ADHD-Medication Types and My Thoughts

18 Apr

If you have issues with children being on medicine for ADHD, please see my previous post…ADHD-Medical Management Concepts.

In this post I want to discuss the different classes of medications for ADHD including how they work and how they are used.

Stimulants

Stimulants are the most commonly used class of medicines for ADHD.  They have the longest track record because they have been around the longest.  The most famous (or infamous) in the class is methylphenidate (or Ritalin).  Many people have some experience with some family member or friend who was on methylphenidate and hated it for one reason or another.

Fortunately, we have a better understanding of ADHD and its treatment than when it was the only option available.  One of the major advancements we have made is in the development of longer acting medicines that require only a single morning dose (Ritalin required taking a dose twice per day.).

Some of the other major players in the stimulant class of medicine are Concerta, Vyvanse, Adderall XR Daytrana and Focalin XR.  In my practice, I most commonly use Concerta and Vyvanse because those are the ones I picked early and have become very comfortable with.

One of the great things about these medicine is that they are given in the morning, peak around lunch time and are gone by the afternoon/evening.  You can see the discussion about the benefits of this by clicking the link above to the previous medication post.

I generally have my parents start by giving the medicine seven days a week and through the holidays but after the dose has been established and things are going well, I will allow them to take drug “holidays”, which is where the child doesn’t have to take the medicine on days when focus is less important. This is not true for all doctors, so please ask your doctor before you do this.  I often find that parents realize how significantly these medicines help their children and continue to give them every day.

One of the major factors in determining which medication to start with is the delivery method.  Many of the medicines come only in pill form.  Daytrana comes in a patch form and can be placed each morning and removed at the end of the day.  I find that getting the child to keep the patch on is difficult and for this reason I tend not to use it very commonly.  For my children who cannot swallow pills, I tend to recommend Vyvanse because the capsules can be opened and sprinkled.  There is a new liquid version of a stimulant medicine being released but I am still researching and learning about it at this time.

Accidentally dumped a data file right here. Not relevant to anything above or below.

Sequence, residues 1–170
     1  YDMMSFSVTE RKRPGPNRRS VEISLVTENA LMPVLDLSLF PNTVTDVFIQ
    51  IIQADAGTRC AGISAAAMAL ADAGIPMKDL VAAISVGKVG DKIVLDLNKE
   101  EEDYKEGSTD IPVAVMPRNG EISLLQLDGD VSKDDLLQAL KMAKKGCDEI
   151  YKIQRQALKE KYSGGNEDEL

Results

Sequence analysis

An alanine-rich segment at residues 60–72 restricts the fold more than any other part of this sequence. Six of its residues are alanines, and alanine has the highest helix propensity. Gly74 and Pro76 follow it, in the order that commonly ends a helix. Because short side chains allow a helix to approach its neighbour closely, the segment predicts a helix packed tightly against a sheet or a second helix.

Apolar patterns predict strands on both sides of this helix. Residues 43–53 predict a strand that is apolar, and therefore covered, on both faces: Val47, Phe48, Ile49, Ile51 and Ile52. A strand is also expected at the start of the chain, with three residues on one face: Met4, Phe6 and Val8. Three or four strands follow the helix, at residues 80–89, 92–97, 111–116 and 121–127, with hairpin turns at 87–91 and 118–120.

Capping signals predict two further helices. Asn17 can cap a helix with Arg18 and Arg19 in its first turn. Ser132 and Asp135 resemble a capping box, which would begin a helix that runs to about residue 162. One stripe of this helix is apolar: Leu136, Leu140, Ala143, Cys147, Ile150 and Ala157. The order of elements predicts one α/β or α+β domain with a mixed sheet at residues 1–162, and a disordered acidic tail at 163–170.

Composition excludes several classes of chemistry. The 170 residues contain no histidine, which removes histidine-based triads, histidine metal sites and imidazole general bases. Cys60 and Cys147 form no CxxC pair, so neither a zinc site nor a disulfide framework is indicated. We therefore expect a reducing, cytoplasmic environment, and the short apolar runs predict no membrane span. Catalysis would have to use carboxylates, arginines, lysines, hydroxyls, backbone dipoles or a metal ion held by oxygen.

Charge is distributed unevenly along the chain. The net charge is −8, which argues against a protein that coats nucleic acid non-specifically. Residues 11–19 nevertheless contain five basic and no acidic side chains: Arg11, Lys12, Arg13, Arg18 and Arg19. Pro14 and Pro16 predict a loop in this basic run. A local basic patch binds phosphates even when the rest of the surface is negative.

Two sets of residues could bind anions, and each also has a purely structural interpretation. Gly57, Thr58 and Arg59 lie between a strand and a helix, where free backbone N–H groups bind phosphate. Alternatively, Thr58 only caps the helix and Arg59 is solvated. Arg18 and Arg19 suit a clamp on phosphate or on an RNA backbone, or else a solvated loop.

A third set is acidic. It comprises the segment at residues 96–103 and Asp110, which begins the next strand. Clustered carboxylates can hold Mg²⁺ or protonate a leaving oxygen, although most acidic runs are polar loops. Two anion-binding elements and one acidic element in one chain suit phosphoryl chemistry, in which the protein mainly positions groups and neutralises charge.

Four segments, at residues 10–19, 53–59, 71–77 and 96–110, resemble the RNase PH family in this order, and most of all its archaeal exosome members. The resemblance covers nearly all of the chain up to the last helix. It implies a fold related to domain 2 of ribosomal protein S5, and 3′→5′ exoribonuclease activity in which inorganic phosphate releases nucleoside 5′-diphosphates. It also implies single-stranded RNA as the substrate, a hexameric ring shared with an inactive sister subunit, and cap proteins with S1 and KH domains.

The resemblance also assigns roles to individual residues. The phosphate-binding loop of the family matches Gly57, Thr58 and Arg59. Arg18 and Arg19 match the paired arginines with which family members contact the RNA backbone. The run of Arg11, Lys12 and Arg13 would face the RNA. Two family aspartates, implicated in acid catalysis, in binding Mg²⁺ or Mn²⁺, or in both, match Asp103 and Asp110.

Non-Stimulants

There are three major medicines in this class that I will discuss here: atomoxetine (Straterra), Intuniv (guanficine) and clonidine (Kapvay).

Straterra was initially developed to be an anti-depressent but it was a terrible anti-depressent and got a second life as an ADHD medication.  It works very similarly to a group of antidepressants called SSRIs and needs to be taken every day.  You cannot take days off because the level of medicine in your body drops and you start over at the bottom when you start to take it again.  I personally have found this medicine to be more effective in children with mild ADHD or with mostly inattentive subtype of ADHD but generally not as effective as the stimulants for either.  I find myself using it most commonly in children who cannot tolerate stimulants because of side effects or in children whom their parents choose not to use a stimulant.

Intuniv and Clonidine are both old blood pressure medicines that are currently used for ADHD. They can both be used individually as treatment for ADHD but I most commonly use them as add-on therapy for children who need a little more help than their stimulants are providing.  Kapvay (long acting clonidine) and Intuniv are both long acting and provide benefit through the whole day.  Short acting clonidine can be used at bed time to help children go to sleep who are having difficulties with this on their stimulants.

Now that we’ve looked at the different cases, here’s my summary on dosages:

  • My preference is to start with a stimulant unless there is a concern from the family or myself about how the child will tolerate the medicine.
  • If there is an issue with the stimulants, I will switch to non-stimulants.
  • If I cannot increase the dose of stimulant medicine because of side effects, I will add on a non-stimulant such as Intuniv or Kapvay.
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